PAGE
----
Another crew member, Emily Sneed, faces an indictment for allegedly lying about having to “completely remove” Thomason from the stretcher restraints after the crash.
Osman Abdallah, the owner of Prime Care EMS — the private company for which McCorvey worked — also was indicted for allegedly failing to assign two medics to the ambulance and then lying to the deputy director of the state Office of EMS and Trauma by saying a second medic was aboard. Sneed was an administrative employee and not a medic, Allen told Channel 2.
Traffic investigators found the ambulance overturned in a ditch after they said it had veered off the road. Thomason was thrown around inside the vehicle as it rolled, investigators determined.
McCorvey and a second person allegedly tried to call a ride-share service to leave the scene as they waited for the Georgia State Patrol to arrive, but they were told to stay by Fairburn police. Once troopers arrived, they performed a field sobriety test on McCorvey before placing him under arrest.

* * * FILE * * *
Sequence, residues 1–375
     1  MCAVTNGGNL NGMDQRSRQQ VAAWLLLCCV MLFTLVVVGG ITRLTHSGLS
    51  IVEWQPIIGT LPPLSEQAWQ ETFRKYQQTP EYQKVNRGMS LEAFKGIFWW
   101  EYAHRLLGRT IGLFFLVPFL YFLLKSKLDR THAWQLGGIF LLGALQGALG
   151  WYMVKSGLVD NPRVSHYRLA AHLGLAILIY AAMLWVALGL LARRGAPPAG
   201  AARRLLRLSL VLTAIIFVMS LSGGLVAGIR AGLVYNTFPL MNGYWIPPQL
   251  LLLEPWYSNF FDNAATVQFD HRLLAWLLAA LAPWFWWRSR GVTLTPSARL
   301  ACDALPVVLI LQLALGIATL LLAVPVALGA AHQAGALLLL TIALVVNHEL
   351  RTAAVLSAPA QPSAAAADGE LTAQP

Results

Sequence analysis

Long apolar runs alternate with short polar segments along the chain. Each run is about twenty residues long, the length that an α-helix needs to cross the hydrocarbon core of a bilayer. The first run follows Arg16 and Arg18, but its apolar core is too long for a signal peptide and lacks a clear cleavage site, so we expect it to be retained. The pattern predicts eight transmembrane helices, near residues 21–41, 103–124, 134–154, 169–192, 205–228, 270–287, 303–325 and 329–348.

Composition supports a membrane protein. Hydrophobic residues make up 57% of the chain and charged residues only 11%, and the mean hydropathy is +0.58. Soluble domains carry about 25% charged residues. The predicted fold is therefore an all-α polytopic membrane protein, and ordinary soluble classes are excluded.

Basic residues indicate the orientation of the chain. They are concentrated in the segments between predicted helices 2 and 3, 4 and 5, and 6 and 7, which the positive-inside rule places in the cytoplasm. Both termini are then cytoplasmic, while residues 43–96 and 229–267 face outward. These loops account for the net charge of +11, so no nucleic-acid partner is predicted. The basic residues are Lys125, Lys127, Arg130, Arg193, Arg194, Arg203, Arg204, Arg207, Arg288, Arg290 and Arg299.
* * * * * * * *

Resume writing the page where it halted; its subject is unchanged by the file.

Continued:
Thomason’s family was inconsolable upon hearing of his death.
“I’m just devastated that he won’t be able to share any of those moments with us. I mean, we were just making Thanksgiving plans and how to include my dad,” his daughter, Traci Thomason, said at the time.
Meanwhile, the family has sued McCorvey, Sneed and Prime Care EMS.
“This is a horrific tragedy that could have easily been prevented,” their attorney, Stephen Fowler, said previously. “Ambulance drivers have the lives of the most vulnerable people in their hands. If we can’t feel safe in an ambulance, where can you feel safe?”